Dissident Artist; “They needed an excuse to take me away for 81 days”
The Chinese authorities have given written notice to the dissident Artist Ai Weiwei to pay 15m yuan ($2.3m; £1.4m) within fifteen days. This relates to a case dating back several months which resulted in his abduction and jailing last spring. Mr Ai was held for almost three months with out access to a lawyer or his whereabouts disclosed to his family . He was than accused of “economic crimes”. He has openly volunteered to pay the money if it was proven to be a tax issue. He stated that his accountant was unable to audit the company’s books because the authorities had confiscated them.This ongoing dispute and charge has been rejected by the internationally renowned artist and he has stated that he is unsure whether he would pay. The 54-year-old told the Guardian he did not owe the money and would challenge the demand, adding: “It’s a game they play all the time. They needed an excuse to take me away for 81 days.” His supporters have said that the accusations are part of a plot to silence the artist who is an outspoken critic of the government.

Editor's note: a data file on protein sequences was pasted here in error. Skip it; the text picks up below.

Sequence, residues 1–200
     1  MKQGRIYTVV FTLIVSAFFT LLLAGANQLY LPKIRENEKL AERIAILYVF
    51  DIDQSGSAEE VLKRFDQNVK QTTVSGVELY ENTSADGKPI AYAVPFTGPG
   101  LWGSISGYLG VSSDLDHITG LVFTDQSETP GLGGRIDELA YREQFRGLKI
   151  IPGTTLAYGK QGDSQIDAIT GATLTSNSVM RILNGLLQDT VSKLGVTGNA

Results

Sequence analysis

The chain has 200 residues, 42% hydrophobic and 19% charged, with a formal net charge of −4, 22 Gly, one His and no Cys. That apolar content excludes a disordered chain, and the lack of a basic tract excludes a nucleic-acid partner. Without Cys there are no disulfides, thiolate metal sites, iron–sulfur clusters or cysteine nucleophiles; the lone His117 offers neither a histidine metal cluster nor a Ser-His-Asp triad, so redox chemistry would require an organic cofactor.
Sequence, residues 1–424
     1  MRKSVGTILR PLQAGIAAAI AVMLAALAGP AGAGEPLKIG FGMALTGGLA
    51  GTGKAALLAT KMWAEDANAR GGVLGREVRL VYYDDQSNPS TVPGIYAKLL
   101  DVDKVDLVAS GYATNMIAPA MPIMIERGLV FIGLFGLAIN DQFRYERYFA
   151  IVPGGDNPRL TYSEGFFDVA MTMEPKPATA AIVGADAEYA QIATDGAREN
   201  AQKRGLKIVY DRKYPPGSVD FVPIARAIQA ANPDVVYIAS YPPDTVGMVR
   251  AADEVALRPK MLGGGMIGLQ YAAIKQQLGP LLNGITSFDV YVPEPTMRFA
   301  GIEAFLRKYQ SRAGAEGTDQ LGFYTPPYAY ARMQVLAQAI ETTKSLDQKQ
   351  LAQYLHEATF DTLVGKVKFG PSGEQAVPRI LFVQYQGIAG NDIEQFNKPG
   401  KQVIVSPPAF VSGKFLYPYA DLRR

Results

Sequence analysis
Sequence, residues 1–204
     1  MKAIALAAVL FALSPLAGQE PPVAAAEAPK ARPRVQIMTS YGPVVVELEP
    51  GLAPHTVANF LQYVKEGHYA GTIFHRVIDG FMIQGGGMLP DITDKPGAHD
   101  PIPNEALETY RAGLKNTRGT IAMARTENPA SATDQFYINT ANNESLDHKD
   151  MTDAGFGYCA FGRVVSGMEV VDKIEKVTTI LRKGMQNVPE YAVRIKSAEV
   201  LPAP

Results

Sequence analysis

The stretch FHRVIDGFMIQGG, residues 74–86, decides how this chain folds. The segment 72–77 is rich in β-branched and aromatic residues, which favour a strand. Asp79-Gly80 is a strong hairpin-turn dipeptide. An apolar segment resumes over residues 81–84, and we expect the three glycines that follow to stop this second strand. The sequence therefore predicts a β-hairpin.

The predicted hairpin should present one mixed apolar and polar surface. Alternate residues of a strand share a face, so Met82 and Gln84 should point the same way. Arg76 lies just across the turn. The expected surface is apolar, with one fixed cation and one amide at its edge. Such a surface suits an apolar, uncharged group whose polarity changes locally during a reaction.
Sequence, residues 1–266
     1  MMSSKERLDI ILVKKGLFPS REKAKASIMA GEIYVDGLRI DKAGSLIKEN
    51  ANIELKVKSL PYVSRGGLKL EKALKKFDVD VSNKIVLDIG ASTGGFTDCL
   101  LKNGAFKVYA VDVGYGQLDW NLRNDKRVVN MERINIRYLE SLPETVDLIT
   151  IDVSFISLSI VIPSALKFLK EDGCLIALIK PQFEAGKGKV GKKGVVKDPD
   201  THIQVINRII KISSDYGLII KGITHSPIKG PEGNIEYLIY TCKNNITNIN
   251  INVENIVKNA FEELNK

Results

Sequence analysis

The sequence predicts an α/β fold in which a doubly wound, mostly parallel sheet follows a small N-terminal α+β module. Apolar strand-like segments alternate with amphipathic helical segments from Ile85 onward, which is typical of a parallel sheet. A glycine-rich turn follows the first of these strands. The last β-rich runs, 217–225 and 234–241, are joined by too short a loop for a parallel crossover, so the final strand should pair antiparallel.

Through his work Ai addresses issues pertinent to contemporary China; notably the loss of historic material culture due to rapid modernization and the effects of the global economy on traditional modes of production. His work also engages with broader themes, including perceptions of value, mass production and brand globalization, such as Coca Cola. Ai Weiwei was born in 1957 in Beijing, China, where he lives and works. Solo exhibitions include Stiftung DKM, Duisburg (2010); Museum of Contemporary Craft, Portland (2010); Arcadia University Gallery, Glenside (2010); Mori Art Museum, Tokyo (2009); Haus der Kunst, Munich (2009); Three Shadows Photography Art Center, Beijing (2009); Sherman Contemporary Art Foundation, Cambelltown Arts Center, Sydney (2008); Groninger Museum, Groningen (2008). Group exhibitions include the São Paulo Biennial (2010); Biennale Architecture, Venice (2008); Documenta 12, Kassel (2007) and Tate Liverpool (2007).Widely considered to be one of the most significant cultural figures of his generation in China and internationally, Ai Weiwei successfully occupies multiple roles as a conceptual artist, architect, curator, designer, film-maker, publisher and activist. Using a variety of formal languages with both traditional and innovative methods of production, Ai links the past with the present and explores the geopolitical, economic and cultural realities affecting the world with humour and compassion. Photo © ArtLyst 2011